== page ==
Weifeng Zhou was born in 1988 in Suzhou, China. He studied Electrical Engineering in Shanghai Jiao Tong University, China, where he received his bachelor's degree in 2011. In 2014 he received his dual-master degrees from Shanghai Jiao Tong University and Georgia Institute of Technology, US. Starting in 2014 he worked as a research assistant at the Institute of Electromagnetic Theory at RWTH Aachen University, Germany, where he received his doctoral degree (Dr.-Ing.) in 2020 for his work on numerical simulations of organic light-emitting diodes. In 2021 he joined the Institute for Microelectronics at TU Wien as a post-doctoral researcher and is currently working on modeling of tunneling current in SiC MOS transistors.
The Study of Organic Light-Emitting Diodes through Master Equations
In our work, a self-consistent numerical model of the master equations for charge carriers and excitons coupled with the Poisson equation was developed for simulating the electrical and luminescent features of organic light-emitting diodes (OLEDs).
In past decades, numerical modeling of OLEDs has been done through drift-diffusion models and Monte Carlo methods. The drift-diffusion model, however, is fundamentally inappropriate for the treatment of disordered organic materials, which possess carrier relaxation effects and filamentary carrier hopping paths. The Monte Carlo method has a rather low CPU efficiency, which makes a series of simulations with different sets of parameters challenging.
The very first master equation model that can perform simulations of small-signal quantities, current noise, stationary and time-resolved electroluminescence of OLEDs was demonstrated in our work. It has the advantage of being closer to OLED physics than the drift-diffusion model and of higher CPU efficiency at extreme current levels than the Monte Carlo method. Moreover, a full Newton-Raphson approach ensures a quadratically converging system, which can be seen in Fig. 1.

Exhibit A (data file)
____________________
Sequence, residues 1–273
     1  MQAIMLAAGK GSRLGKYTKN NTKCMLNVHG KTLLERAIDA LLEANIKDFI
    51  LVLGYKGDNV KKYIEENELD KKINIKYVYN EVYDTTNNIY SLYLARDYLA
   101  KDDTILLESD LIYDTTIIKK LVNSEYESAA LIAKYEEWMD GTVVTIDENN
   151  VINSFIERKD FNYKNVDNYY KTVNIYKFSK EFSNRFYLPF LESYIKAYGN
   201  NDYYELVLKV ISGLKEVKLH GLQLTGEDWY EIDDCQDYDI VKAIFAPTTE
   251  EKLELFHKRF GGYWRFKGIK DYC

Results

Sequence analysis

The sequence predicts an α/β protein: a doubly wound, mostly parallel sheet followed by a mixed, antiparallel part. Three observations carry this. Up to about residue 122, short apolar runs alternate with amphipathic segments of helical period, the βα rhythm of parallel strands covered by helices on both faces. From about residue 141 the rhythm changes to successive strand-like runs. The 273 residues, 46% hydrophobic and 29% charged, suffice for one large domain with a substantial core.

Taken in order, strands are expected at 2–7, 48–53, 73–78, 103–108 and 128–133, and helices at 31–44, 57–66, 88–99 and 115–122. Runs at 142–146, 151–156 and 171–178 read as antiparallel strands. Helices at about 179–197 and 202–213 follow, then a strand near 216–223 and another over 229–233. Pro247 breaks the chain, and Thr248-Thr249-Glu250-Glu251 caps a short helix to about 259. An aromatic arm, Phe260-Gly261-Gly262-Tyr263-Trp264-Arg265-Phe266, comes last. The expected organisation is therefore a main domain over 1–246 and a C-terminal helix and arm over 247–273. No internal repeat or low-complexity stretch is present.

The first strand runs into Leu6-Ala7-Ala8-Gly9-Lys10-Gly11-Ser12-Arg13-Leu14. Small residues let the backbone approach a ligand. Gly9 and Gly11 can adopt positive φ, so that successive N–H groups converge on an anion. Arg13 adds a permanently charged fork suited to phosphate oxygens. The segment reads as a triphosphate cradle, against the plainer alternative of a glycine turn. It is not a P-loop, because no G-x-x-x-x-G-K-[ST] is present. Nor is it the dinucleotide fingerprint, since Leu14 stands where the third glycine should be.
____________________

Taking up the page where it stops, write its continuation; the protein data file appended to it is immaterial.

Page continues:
By including charge carrier generation and recombination in the master equation model, carrier transport under bipolar injection in OLEDs can be calculated. The stationary IV characteristics are calculated according to a Ramo-Shockley-type theorem. Based upon stationary results, the small-signal analysis is carried out under sinusoidal steady-state conditions at arbitrary biases and frequencies (cf. Fig. 2). The power spectral density of the terminal current, which is a measure of the fluctuation in charge carrier numbers, can be obtained by noise analysis based on the Langevin approach. Moreover, by further extending the master equation model to consider exciton effects, stationary IV characteristics and luminous efficacies of phosphorescent OLEDs doped with various emitter profiles were successfully reproduced (Fig. 3). Strategies for improving the device efficiencies can therefore be tested. Furthermore, the time-resolved current and luminescence properties of the phosphorescent OLEDs were also modeled by transient simulations based on the implicit Euler scheme. Results from the transient simulations are found to be consistent with those from the stationary and small-signal analyses.
Fig. 1: The root-mean-square of the change in potential as a function of the number of the Gummel loop (circle) and full Newton iteration (plus) in a simulation of a typical OLED.
Fig. 2: Measured (symbols) and simulated (lines) frequency-dependent negative small-signal susceptance at different temperatures of a polymer LED with a Ca cathode.
Fig. 3: Measured (symbols) and simulated (lines) luminous efficacies of a phosphorescent OLED with different doping concentrations and profiles.